Interpretation of Arbitral Agreements by German Courts - EIAR - Volume 1 - Issue 1
Sebastian D. Müller - lawyer (Rechtsanwalt) in the Frankfurt office of King & Spalding LLP.
Originally from European International Arbitration Review (EIAR)
The effective conduct of arbitration proceedings generally presupposes that the involved states do recognise the parties’ choice to arbitrate. Thus, even if one considers international arbitration as a self-contained legal system, the option to enforce the arbitration agreement and/or the arbitration award with the support of the state courts is arguably the distinguishing factor which makes arbitration a binding dispute resolution process. Without the blessing of the national legislator that empowers the competent court to grant the necessary support, if required, arbitration would depend on the parties’ voluntary compliance and therefore effectively remain a toothless tiger.1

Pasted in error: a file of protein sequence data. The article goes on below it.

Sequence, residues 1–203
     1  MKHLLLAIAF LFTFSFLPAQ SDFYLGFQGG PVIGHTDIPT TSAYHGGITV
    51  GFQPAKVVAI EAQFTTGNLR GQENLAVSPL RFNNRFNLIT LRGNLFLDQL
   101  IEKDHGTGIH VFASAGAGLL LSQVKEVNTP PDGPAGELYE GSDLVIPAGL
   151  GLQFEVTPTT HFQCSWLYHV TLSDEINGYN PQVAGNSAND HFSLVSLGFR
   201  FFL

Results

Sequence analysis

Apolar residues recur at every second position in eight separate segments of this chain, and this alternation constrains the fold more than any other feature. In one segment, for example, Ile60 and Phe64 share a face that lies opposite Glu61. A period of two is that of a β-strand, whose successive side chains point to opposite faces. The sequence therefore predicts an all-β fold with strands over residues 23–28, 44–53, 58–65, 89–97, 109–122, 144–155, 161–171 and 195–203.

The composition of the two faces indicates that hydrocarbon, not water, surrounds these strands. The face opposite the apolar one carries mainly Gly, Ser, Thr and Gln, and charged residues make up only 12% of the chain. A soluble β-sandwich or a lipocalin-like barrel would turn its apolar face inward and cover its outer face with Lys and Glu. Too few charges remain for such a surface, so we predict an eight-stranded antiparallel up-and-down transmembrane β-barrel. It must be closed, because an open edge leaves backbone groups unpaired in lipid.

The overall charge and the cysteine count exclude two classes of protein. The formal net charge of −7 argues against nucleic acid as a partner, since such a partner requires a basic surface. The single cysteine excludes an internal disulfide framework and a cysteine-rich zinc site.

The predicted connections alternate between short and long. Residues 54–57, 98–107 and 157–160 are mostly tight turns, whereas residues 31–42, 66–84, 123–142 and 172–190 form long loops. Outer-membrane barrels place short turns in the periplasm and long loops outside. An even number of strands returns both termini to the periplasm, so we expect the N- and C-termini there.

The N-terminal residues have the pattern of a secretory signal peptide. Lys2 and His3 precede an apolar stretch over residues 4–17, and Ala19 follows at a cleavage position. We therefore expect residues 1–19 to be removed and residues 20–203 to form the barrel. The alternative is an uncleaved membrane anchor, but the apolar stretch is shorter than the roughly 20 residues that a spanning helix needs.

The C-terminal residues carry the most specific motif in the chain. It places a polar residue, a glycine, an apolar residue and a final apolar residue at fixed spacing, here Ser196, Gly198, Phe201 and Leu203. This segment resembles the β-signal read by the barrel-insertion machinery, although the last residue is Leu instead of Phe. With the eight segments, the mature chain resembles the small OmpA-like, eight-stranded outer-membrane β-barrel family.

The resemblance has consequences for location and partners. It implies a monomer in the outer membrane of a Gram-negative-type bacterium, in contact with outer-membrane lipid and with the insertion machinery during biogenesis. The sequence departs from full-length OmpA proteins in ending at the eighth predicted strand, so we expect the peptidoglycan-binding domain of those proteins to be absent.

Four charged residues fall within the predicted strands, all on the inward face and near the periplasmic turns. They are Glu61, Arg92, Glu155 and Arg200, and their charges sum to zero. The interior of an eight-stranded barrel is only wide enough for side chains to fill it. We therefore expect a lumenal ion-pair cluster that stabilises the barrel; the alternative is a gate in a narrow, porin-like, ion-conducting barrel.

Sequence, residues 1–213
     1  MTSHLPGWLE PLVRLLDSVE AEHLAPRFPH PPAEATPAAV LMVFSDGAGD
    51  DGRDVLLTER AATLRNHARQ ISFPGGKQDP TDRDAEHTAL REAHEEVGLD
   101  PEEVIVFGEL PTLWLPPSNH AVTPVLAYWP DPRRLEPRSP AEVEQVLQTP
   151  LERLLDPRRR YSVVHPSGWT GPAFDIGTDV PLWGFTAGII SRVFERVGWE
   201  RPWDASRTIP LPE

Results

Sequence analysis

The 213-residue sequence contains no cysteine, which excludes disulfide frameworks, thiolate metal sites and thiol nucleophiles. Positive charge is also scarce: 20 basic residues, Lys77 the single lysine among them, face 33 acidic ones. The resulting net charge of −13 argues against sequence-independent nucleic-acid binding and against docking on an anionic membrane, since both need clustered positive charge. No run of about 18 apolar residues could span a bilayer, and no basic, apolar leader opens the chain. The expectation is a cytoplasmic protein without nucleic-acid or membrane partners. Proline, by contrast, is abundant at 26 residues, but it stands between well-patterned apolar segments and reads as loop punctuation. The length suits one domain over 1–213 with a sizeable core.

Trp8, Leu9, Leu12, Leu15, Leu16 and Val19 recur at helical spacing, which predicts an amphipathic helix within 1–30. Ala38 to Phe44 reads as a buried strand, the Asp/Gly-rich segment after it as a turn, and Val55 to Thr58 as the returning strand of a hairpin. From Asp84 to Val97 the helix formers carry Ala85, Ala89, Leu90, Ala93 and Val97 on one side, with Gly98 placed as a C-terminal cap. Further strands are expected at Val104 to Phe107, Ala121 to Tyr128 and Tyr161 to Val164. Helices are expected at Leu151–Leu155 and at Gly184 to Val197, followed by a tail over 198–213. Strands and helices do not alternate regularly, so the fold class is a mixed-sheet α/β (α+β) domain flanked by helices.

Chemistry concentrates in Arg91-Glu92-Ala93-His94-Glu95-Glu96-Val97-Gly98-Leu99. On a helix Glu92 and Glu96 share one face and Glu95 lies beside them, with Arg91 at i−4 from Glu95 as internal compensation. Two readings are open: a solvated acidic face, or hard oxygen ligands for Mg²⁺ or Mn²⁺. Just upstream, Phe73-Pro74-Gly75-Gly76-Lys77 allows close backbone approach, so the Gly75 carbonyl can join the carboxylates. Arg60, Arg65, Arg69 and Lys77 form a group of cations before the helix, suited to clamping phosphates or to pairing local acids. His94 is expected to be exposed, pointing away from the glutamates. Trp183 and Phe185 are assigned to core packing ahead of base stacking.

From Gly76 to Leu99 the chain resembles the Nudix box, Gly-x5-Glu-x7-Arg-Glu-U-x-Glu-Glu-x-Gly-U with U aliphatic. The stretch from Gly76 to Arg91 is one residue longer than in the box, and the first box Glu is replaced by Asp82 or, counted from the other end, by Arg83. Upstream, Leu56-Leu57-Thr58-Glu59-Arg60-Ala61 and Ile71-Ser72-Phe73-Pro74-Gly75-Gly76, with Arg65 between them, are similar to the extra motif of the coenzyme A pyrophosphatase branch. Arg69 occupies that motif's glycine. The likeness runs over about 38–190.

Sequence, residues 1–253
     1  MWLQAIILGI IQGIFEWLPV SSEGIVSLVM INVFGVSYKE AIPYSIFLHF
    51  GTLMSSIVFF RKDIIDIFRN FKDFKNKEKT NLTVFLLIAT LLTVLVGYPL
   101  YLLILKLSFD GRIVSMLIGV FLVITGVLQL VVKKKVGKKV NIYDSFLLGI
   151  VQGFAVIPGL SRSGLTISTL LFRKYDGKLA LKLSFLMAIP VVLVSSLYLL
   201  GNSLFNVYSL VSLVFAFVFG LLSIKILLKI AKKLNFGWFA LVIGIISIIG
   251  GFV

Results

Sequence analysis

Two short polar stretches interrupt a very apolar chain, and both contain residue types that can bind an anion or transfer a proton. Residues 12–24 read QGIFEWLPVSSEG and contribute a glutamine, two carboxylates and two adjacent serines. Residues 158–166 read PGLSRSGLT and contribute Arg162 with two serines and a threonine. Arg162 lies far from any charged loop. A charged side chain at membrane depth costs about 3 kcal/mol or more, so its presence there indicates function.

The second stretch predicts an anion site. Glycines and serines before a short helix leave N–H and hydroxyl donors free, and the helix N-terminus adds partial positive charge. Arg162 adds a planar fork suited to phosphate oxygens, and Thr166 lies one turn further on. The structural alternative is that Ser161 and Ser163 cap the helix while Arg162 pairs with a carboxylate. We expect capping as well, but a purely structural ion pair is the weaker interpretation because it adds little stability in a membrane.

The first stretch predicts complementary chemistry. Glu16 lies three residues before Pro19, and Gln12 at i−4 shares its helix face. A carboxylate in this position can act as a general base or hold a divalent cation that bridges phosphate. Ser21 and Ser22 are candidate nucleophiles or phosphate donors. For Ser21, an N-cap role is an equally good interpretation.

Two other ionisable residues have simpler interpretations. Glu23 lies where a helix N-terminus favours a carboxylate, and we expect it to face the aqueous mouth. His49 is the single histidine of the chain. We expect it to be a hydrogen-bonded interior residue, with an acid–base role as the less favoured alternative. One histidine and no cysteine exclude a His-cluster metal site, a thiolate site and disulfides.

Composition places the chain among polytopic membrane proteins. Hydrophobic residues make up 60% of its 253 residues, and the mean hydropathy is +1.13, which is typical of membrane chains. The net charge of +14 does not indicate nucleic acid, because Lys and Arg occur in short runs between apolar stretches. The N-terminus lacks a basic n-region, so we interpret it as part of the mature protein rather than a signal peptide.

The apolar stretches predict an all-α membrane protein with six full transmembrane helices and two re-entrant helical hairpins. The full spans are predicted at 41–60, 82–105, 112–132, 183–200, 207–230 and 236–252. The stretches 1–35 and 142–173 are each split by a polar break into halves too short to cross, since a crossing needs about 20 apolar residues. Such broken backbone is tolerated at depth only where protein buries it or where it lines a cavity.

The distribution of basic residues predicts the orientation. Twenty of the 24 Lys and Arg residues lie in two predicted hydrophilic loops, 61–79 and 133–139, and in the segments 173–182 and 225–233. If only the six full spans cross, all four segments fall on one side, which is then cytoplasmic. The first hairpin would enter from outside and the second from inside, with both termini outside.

The decision of the German Federal Court of Justice (BGH) dated 14 July 2011,2 which is the subject matter of this case comment, deals with the criteria applied under German law to enforce an arbitration agreement. The decision is important because it further relaxed the requirements that the German courts will have to apply when considering an ambiguously drafted arbitration agreement. In short, the BGH is willing to go to great lengths to ensure that such arbitration agreements can be enforced under the 1998 German arbitration law, which is based on the UNCITRAL Model Law. The court applies various interpretation techniques in order to salvage an arbitration agreement, as will be discussed below.
II. The Decision of the BGH and Its Background In its decision dated 14 July 2011, the BGH had to determine the validity of an arbitration clause in a sale and purchase agreement (the SPA) relating to shares in a law office. The BGH heard this matter on appeal from the Higher Regional Court of Cologne, which had earlier confirmed the validity of the arbitration agreement when deciding on a challenge of a partial award that confirmed jurisdiction.3